There have been a number of news stories over the last two years about how the wealthy are fleeing states which have increased taxes on the highest tax brackets.
I’ll show you this line of thinking is not borne out by the facts, and is irrational to boot.
Here’s an example; a new story from the Wall Street Journal – titled “Millionaires Fleeing Taxes” (August 7, 2012).
The description of the video interview with the reporter (Arden Dale) states “When states raise taxes millionaires move out.” And the interviewer starts the piece by declaring, “Millionaires are fleeing from taxes!”
Wow, that sounds serious, and certainly very definitive. Let’s learn more.
Interviewer – “So tell us, where are the millionaires going?”
Ms. Dale – “People don’t want to be taxed… but when we looked the actual numbers, the actual studies of whether ‘Millionaire Flight’ occurs, what we found was that there is no really great statistical data that shows that it does.” (Note: while this is being said, a banner on the screen reads “Millionaires moving to avoid taxes.”)
Ms. Dale continues, “Um, there’s an old study that a lot of people cite that shows that some elderly wealthy people move, but not in huge numbers, to get away from taxes, when a state raises taxes.”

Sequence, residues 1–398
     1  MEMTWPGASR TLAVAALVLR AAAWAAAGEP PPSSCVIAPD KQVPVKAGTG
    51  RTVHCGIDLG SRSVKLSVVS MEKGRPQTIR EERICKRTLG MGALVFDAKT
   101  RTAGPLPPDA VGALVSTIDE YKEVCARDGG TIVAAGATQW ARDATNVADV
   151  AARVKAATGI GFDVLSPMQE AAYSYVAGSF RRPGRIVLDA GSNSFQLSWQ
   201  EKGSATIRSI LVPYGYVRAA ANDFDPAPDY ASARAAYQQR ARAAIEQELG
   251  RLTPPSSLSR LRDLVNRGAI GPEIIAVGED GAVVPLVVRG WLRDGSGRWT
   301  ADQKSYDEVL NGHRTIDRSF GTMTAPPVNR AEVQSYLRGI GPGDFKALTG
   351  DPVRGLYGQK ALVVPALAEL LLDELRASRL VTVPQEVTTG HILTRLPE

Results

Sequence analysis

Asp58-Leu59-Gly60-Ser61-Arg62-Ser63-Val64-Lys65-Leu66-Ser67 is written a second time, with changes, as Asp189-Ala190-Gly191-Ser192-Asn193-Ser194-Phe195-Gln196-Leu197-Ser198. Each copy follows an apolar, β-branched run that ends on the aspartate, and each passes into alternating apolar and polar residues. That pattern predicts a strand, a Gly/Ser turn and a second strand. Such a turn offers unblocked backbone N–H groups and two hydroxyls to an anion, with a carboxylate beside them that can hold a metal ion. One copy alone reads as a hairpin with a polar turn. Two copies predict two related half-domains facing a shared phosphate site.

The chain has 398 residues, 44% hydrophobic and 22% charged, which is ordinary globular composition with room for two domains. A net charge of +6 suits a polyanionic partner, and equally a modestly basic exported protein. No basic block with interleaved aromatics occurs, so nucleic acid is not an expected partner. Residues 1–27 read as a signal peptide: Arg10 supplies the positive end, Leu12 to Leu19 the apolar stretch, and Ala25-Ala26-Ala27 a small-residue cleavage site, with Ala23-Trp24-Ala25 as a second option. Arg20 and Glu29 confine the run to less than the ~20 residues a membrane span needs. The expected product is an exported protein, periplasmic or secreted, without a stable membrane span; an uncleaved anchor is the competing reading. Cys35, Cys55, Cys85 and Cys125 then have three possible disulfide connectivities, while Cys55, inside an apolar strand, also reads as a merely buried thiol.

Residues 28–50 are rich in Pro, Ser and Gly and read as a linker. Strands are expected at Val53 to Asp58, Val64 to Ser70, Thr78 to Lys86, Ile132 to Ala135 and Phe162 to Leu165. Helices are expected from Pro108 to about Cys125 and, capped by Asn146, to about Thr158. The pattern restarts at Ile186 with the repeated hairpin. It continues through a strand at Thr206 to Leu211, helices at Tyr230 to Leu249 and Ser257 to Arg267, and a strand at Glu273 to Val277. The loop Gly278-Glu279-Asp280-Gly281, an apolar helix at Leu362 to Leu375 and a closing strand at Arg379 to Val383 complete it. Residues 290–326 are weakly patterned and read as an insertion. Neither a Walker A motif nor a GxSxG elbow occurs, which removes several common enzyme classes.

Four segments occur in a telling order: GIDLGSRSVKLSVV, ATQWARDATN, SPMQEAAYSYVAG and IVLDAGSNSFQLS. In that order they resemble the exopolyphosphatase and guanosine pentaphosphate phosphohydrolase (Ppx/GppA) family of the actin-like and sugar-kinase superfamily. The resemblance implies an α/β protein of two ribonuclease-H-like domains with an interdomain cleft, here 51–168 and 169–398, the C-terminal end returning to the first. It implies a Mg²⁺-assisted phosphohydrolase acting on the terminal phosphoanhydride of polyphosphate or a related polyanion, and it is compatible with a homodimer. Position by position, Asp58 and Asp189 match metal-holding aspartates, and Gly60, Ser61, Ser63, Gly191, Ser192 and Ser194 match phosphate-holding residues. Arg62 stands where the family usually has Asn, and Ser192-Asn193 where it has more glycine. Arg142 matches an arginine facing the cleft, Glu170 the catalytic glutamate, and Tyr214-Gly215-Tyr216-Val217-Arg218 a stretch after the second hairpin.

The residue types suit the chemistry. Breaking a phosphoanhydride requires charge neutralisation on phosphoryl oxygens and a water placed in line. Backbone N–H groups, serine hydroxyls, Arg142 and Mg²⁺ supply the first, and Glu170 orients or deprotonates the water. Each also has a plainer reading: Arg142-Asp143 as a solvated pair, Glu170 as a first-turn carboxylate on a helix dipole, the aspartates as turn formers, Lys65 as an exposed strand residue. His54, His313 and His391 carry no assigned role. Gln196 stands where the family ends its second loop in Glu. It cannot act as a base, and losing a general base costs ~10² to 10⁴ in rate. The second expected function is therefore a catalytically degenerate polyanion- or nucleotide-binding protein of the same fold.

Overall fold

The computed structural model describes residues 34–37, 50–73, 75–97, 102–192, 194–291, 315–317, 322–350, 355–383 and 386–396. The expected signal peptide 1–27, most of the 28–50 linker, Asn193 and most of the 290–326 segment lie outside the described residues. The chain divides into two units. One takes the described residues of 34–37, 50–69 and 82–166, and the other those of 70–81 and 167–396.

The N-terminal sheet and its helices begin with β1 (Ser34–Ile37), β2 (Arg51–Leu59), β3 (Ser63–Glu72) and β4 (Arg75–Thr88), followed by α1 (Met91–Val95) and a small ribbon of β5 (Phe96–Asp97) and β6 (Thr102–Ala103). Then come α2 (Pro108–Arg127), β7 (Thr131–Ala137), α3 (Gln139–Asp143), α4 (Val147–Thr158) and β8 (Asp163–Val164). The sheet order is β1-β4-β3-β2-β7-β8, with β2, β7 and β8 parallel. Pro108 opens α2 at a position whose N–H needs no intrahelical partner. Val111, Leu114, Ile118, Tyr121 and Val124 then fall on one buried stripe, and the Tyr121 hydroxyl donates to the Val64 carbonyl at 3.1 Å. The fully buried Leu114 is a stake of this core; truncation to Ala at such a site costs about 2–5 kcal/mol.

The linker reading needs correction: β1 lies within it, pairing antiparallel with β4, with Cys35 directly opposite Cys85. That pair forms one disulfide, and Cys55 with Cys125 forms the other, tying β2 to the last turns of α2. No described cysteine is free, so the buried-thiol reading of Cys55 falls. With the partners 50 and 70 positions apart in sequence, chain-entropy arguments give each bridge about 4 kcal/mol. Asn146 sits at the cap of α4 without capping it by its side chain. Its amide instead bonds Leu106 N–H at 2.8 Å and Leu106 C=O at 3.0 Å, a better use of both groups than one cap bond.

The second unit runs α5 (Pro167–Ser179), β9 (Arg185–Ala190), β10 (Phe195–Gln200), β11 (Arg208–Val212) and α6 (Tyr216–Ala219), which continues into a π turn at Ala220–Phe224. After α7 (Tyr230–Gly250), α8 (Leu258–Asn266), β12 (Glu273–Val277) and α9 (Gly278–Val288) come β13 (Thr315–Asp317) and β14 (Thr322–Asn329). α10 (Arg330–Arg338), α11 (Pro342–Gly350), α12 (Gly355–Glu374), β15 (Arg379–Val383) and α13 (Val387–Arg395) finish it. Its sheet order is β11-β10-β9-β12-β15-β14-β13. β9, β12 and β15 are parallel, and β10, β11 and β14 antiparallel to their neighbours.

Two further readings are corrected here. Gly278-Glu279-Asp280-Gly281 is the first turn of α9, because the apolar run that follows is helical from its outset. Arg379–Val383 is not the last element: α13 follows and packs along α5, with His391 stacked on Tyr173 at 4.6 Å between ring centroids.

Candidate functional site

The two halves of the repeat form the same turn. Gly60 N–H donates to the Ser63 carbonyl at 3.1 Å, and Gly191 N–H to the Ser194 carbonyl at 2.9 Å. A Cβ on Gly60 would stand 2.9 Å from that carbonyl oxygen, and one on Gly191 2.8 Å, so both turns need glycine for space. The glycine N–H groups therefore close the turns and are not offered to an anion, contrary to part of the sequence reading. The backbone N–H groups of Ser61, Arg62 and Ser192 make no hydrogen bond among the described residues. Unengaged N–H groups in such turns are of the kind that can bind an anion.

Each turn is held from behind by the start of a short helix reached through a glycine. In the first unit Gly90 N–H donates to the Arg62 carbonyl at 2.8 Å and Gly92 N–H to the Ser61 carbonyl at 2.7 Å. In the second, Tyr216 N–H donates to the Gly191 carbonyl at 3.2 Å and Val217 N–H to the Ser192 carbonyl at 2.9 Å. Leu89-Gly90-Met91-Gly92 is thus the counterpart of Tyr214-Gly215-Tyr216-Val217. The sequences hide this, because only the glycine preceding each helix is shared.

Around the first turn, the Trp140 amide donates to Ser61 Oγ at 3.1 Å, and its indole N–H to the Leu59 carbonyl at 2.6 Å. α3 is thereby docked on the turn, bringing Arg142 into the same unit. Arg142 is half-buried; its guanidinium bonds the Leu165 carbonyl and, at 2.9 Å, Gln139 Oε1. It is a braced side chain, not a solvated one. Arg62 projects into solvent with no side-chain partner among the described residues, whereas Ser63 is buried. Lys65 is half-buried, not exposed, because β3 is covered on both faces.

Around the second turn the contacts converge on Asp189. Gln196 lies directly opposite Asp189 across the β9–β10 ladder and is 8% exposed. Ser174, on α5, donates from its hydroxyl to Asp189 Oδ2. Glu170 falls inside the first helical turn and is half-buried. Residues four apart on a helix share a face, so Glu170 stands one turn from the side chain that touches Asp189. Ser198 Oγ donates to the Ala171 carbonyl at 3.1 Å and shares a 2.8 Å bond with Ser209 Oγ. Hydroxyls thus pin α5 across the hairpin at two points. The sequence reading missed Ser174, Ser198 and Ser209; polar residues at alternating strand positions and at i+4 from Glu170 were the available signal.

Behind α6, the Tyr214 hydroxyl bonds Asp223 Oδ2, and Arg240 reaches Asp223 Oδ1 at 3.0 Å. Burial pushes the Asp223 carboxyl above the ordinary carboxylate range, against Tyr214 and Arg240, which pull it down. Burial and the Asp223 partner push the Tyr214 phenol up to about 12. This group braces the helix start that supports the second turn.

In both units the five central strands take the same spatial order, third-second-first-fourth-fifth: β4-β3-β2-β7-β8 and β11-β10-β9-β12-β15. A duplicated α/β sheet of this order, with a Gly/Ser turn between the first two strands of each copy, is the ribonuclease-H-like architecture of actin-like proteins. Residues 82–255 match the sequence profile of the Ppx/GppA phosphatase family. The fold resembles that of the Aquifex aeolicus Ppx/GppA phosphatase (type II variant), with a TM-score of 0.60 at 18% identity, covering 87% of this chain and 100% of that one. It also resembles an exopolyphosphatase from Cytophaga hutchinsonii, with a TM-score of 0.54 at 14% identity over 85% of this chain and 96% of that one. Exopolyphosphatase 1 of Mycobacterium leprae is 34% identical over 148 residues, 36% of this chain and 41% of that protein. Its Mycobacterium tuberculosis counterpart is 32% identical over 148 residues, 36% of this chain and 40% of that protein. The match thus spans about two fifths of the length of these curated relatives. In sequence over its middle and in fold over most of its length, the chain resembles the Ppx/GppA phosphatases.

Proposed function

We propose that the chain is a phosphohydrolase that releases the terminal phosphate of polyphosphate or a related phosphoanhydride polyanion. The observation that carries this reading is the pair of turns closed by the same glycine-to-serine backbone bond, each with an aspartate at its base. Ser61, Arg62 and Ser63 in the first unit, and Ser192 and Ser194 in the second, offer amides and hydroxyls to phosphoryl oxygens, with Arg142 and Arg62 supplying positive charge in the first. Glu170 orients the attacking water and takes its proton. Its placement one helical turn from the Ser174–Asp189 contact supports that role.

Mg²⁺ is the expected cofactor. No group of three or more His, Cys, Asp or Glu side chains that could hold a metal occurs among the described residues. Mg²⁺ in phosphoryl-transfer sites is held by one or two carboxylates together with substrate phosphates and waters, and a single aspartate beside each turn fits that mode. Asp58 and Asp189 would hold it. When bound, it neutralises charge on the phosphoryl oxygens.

The reporter also says was told by financial advisors that they have “a story, or a couple of stories” about helping people to move to another state to get away from high state taxes. She did not state that these were millionaires, and that these moves are the result of an increase in marginal taxes. “It’s a little bit of a funny picture. It does seem to be happening, but how much is hard to actually prove.”
She goes on to say, “And it’s not always about taxes” (when people move).” It’s also about “real estate values, family, and values (lifestyle)… it’s combined.”
Okay, so what we learned is that there is no data showing that “Millionaire Flight” occurs, but there is anecdotal evidence that old rich people might move, and which might well be due to considerations other than taxes. This is certainly a different story from how this piece was positioned, one might say deceptively.
A similar story broke in 2011, when a study from the New Jersey Treasury Department declared that 25,000 taxpayers left the state between 2004 and 2009, when the highest tax rate was increased from 6.37% to 8.97%, and cost the state an estimated $3 billion in revenue.
But some economists questioned the study’s conclusions, pointing out that the IRS migration data used included all tax brackets, not just the wealthy.
“Ultimately, the data they use doesn’t address the question they want to be addressing,” said Charles Varner, a sociology professor at Princeton University, as reported in the Wall Street Journal.
Earlier in 2011, Mr. Varner and Cristobal Young released their own study which concluded that migration patterns of New Jersey millionaires were essentially the same as that for less-wealthy residents. The higher income tax rate had no measureable effect.
Sometimes I like to step back from the data and apply a little real-world logic.